Revelation of John 2

* Epistles to the churches in Asia, with warnings and

encouragements, To the church at Ephesus; (1-7) at Smyrna;

(8-11) at Pergamos; (12-17) and at Thyatira. (18-29)

1-7 These churches were in such different states as to purity

of doctrine and the power of godliness, that the words of Christ

to them will always suit the cases of other churches, and

professors. Christ knows and observes their state; though in

heaven, yet he walks in the midst of his churches on earth,

observing what is wrong in them, and what they want. The church

of Ephesus is commended for diligence in duty. Christ keeps an

account of every hour's work his servants do for him, and their

labour shall not be in vain in the Lord. But it is not enough

that we are diligent; there must be bearing patience, and there

must be waiting patience. And though we must show all meekness

to all men, yet we must show just zeal against their sins. The

sin Christ charged this church with, is, not the having left and

forsaken the object of love, but having lost the fervent degree

of it that at first appeared. Christ is displeased with his

people, when he sees them grow remiss and cold toward him.

Surely this mention in Scripture, of Christians forsaking their

first love, reproves those who speak of it with carelessness,

and thus try to excuse indifference and sloth in themselves and

others; our Saviour considers this indifference as sinful. They

must repent: they must be grieved and ashamed for their sinful

declining, and humbly confess it in the sight of God. They must

endeavour to recover their first zeal, tenderness, and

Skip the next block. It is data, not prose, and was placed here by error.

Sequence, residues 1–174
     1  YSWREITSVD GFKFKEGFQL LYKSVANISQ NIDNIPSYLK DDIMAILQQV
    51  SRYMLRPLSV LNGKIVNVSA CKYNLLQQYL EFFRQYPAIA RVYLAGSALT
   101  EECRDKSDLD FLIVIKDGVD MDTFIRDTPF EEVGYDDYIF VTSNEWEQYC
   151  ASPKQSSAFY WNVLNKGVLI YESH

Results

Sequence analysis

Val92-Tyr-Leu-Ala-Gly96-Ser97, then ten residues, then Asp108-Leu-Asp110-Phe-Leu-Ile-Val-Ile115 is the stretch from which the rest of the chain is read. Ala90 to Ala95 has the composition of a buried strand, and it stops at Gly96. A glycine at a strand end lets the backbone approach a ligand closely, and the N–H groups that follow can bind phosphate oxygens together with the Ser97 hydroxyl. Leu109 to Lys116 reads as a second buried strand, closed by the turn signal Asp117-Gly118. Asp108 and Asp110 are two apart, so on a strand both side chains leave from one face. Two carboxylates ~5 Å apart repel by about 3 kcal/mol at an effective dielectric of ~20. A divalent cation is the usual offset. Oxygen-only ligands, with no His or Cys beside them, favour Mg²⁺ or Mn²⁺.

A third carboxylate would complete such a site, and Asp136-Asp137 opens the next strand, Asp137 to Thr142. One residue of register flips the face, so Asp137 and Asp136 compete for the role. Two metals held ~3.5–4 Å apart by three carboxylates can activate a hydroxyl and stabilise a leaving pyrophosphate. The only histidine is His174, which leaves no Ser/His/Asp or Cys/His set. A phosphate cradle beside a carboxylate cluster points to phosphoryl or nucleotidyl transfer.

seriousness, and must pray as earnestly, and watch as

diligently, as when they first set out in the ways of God. If

the presence of Christ's grace and Spirit is slighted, we may

expect the presence of his displeasure. Encouraging mention is

made of what was good among them. Indifference as to truth and

error, good and evil, may be called charity and meekness, but it

is not so; and it is displeasing to Christ. The Christian life

is a warfare against sin, Satan, the world, and the flesh. We

must never yield to our spiritual enemies, and then we shall

have a glorious triumph and reward. All who persevere, shall

derive from Christ, as the Tree of life, perfection and

confirmation in holiness and happiness, not in the earthly

paradise, but in the heavenly. This is a figurative expression,

taken from the account of the garden of Eden, denoting the pure,

satisfactory, and eternal joys of heaven; and the looking

forward to them in this world, by faith, communion with Christ,

and the consolations of the Holy Spirit. Believers, take your

wrestling life here, and expect and look for a quiet life

hereafter; but not till then: the word of God never promises

quietness and complete freedom from conflict here.
8-11 Our Lord Jesus is the First, for by him were all things

made; he was before all things, with God, and is God himself. He

is the Last, for he will be the Judge of all. As this First and

Last, who was dead and is alive, is the believer's Brother and

Friend, he must be rich in the deepest poverty, honourable

amidst the lowest abasement, and happy under the heaviest

tribulation, like the church of Smyrna. Many who are rich as to

this world, are poor as to the next; and some who are poor

outwardly, are inwardly rich; rich in faith, in good works, rich

in privileges, rich in gifts, rich in hope. Where there is

spiritual plenty, outward poverty may be well borne; and when

God's people are made poor as to this life, for the sake of